Named after the fuzzy blue creature from the Monsters Inc. movie, the Sulley Fuzzing Framework is both a fuzzing engine and a testing framework. Unlike most fuzzing engines, Sulley is designed to be able to run seamlessly for days at a time by constantly checking applications for weird responses to fuzzed inputs and then recording those results. It was designed for users who want to activate a fuzzing engine and then go work on something else. When they return hours or days later, Sulley will have reports on everything it found ready to go.

Sulley has several advanced features like the ability to run in parallel, depending on the hardware platform hosting it. It can also automatically determine, without user programming, what unique sequence of test cases will trigger faults.

The Sulley Framework is well known in open-source fuzzing communities, but has not been actively updated in some time. Even so, the latest version, which is available for free on GitHub, is still in active use and performing well.


The boofuzz tool is based on the Sulley Fuzzing Framework. It was named after Boo, the little girl in the Monsters Inc. movie. The boofuzz project began when it was clear that Sulley was no longer being actively updated. It uses the core Sulley code, but also aims to improve it. It installs as a Python library.

Since starting the boofuzz project, the developers have added online documentation, support for more communications mediums, extensible failure detection and an easier-to-use interface. Support for serial fuzzing, ethernet and UDP broadcast was also added as default features. Users of boofuzz can also export their results to a CSV file, so full spreadsheets of all triggered faults can be studied as the first step in fixing detected failures.

Many of the known bugs within Sulley have been eliminated in boofuzz, and the tool is actively updated and available on GitHub.


One of the newest fuzzing tools in active use today, BFuzz is still technically in beta. It’s available for free, and users are asked to report on any problems that they encounter when using the tool so the developers can fix them. With that said, BFuzz already has a small bug trophy case including one uncovered vulnerability that resulted in a patch being issued for Epiphany Web and another involving Mozilla Firefox that triggered a buffer overflow.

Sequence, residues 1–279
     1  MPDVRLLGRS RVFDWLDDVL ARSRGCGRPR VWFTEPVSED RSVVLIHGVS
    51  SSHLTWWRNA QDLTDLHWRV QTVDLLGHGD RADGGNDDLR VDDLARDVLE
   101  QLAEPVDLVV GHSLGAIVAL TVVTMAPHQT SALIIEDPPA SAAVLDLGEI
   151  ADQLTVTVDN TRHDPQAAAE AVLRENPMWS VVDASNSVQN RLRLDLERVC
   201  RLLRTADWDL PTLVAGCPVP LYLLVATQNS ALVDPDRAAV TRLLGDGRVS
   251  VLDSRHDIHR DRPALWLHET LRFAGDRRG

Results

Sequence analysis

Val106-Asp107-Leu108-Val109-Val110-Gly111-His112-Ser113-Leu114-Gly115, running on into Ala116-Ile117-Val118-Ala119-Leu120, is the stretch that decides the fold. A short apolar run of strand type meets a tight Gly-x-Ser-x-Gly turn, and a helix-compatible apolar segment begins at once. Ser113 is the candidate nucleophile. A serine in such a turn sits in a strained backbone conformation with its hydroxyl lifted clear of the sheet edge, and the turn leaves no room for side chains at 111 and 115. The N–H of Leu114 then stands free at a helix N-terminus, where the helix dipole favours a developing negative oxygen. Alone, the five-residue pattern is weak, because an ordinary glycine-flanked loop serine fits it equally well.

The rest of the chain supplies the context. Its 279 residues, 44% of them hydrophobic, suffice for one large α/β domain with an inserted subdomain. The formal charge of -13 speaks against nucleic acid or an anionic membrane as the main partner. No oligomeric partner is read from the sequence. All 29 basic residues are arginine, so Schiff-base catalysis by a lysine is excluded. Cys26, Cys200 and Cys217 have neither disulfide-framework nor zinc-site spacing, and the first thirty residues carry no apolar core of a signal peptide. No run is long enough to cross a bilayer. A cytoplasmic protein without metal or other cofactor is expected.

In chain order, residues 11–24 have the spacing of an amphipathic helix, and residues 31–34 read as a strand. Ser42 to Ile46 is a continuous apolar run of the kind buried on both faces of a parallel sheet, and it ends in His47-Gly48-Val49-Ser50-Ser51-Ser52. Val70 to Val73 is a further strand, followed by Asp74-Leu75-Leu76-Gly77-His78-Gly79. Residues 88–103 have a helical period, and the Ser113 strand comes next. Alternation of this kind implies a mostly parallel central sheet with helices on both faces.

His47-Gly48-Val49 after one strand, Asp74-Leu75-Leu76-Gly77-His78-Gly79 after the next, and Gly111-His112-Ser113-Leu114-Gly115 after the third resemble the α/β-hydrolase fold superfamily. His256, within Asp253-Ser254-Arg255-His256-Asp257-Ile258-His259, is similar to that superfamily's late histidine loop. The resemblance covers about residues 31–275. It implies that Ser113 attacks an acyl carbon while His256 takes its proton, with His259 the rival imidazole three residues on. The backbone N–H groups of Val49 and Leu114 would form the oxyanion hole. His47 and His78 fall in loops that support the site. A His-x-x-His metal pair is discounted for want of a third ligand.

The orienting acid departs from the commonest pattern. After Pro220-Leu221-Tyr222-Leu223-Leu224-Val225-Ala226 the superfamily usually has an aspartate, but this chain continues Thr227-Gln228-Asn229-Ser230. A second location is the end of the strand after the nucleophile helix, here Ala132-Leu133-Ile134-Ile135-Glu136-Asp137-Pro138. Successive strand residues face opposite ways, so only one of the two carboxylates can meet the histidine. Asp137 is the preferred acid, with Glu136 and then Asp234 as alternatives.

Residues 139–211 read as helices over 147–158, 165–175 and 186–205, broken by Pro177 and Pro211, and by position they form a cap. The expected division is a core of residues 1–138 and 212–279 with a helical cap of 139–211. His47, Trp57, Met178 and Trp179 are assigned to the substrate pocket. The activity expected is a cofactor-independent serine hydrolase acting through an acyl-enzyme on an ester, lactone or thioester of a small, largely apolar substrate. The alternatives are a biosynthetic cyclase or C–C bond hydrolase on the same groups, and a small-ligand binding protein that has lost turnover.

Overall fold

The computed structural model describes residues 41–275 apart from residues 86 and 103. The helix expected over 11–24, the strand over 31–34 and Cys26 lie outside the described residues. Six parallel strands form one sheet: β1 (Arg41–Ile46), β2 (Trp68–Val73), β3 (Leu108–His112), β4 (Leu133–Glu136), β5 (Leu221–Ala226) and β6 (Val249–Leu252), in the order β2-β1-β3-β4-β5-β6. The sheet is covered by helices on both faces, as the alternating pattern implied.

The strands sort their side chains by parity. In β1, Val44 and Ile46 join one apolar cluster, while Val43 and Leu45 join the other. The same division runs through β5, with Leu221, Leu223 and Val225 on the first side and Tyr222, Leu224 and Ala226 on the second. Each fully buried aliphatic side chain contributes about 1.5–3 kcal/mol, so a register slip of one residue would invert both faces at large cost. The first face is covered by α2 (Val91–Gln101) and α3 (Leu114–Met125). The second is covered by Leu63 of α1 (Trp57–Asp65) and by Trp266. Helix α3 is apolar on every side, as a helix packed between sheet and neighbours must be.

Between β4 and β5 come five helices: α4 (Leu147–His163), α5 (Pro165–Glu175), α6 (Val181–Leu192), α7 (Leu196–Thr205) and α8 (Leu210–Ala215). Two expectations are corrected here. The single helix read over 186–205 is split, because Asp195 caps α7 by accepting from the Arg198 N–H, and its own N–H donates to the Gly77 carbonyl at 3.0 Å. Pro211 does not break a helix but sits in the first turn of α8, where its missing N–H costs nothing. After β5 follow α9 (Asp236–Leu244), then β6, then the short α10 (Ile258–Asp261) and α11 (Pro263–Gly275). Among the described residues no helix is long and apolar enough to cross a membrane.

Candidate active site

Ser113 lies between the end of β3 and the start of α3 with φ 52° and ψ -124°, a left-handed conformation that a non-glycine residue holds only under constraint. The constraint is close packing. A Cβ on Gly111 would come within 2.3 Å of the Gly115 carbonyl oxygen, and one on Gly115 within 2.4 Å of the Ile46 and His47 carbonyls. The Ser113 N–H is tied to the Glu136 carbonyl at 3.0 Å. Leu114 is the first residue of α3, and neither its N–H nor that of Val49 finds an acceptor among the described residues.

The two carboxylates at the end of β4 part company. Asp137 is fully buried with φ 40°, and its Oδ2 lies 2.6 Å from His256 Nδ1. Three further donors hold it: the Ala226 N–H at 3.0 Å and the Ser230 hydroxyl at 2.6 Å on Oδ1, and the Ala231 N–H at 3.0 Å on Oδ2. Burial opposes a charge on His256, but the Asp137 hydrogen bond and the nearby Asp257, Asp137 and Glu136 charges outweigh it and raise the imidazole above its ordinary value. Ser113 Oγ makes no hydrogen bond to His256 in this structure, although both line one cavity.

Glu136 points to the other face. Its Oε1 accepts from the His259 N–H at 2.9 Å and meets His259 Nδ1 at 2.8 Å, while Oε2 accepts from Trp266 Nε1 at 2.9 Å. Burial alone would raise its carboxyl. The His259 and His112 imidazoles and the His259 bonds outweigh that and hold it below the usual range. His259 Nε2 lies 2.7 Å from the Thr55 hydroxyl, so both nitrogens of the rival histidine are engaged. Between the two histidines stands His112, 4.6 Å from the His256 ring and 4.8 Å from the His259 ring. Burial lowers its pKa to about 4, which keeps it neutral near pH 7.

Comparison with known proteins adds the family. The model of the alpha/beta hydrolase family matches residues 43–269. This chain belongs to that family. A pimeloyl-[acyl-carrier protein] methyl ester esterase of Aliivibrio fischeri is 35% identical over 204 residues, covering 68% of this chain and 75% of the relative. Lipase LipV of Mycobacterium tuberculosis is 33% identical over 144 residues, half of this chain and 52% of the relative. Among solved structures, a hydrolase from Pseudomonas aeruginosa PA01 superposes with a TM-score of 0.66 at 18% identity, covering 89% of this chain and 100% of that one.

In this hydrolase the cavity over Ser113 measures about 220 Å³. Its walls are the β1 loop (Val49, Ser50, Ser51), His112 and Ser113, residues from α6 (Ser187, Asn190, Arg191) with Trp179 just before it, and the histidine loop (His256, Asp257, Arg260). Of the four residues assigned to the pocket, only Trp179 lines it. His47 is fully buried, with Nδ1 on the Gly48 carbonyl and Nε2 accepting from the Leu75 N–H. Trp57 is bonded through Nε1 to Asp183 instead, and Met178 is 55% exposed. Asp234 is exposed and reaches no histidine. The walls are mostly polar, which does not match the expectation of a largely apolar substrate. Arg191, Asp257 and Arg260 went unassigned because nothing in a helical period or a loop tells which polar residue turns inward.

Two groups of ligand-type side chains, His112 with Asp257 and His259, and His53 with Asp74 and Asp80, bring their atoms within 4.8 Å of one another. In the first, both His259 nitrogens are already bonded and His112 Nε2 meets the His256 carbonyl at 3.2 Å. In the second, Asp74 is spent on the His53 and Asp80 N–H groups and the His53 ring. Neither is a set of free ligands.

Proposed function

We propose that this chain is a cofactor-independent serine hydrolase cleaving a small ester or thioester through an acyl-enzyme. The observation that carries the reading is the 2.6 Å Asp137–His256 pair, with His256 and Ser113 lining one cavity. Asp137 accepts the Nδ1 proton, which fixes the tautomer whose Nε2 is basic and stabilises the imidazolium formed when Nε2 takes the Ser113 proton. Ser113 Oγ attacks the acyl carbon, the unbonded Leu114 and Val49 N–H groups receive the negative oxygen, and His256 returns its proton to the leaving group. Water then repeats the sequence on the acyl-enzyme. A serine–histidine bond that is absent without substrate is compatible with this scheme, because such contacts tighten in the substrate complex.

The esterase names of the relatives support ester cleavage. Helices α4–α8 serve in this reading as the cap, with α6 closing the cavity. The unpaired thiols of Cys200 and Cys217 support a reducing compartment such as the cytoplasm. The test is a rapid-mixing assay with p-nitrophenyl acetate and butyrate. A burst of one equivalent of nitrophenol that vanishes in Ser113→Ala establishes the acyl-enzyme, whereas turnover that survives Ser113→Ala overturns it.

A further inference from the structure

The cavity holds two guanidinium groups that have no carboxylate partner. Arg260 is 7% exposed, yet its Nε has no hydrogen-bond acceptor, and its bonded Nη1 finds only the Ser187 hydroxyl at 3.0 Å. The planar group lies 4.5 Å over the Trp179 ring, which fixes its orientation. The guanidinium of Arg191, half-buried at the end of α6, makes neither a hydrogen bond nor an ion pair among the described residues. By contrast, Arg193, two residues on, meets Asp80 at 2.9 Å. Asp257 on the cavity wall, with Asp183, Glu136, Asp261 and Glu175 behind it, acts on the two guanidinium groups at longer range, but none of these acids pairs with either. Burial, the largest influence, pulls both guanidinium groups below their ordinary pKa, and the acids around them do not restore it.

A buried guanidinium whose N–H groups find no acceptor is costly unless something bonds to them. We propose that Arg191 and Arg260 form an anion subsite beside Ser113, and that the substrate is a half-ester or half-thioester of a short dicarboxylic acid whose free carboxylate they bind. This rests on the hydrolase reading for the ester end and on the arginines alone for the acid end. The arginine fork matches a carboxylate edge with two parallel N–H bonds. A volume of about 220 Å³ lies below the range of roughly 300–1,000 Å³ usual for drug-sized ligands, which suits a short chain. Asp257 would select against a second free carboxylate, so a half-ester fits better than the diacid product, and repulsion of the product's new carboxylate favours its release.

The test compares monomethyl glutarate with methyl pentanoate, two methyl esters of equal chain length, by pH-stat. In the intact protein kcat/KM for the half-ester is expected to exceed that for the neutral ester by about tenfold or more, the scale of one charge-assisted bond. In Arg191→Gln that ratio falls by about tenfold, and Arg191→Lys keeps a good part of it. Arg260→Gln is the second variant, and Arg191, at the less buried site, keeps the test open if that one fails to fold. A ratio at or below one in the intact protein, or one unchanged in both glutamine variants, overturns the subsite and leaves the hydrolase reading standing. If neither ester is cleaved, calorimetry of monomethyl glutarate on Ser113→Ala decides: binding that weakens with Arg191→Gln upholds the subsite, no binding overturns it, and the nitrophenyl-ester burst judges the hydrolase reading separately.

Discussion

BFuzz is designed to be an input-based fuzzer that uses .html and browsers as its input vector. In that sense, it resembles a DAST tool and might be a good fit for organizations that rely heavily on them since BFuzz uses similar testing methods but looks for different kinds of errors.

It’s clear that the developer is really putting a lot of effort into BFuzz, and big things might be in store for this fuzzer. There is even a small YouTube video showing the fuzz tool in action.

PeachTech Peach Fuzzer

The PeachTech Peach Fuzzer is a commercial fuzzing tool where a lot of the legwork for testers has already been done by the PeachTech company. How the Peach Fuzzer works is that you load and configure the fuzzing engine with what the company calls Peach Pits.

Peach Pits are prewritten test definitions that cover a variety of different platforms. PeachTech says that each Pit contains specifications that fit specific targets, such as the structure of the data the target consumes and how the data flows to and from the tested device or application. This allows testers to tightly focus their fuzz testing with very little setup. PeachTech also makes it easy for users to create their own Pits, so that the Peach Fuzzer tool can work with proprietary systems.

Because of the unique ways that the Peach Fuzzer engine can be programmed using Peach Pits, almost no system can’t be fuzzed by the tool. It works with Mac, Windows and Linux, of course. It can also be used to fuzz network protocols, embedded systems, drivers, Internet of Things devices and just about anything else that accepts commands and is thus susceptible to fuzzed inputs.

Copyright © 2019 IDG Communications, Inc.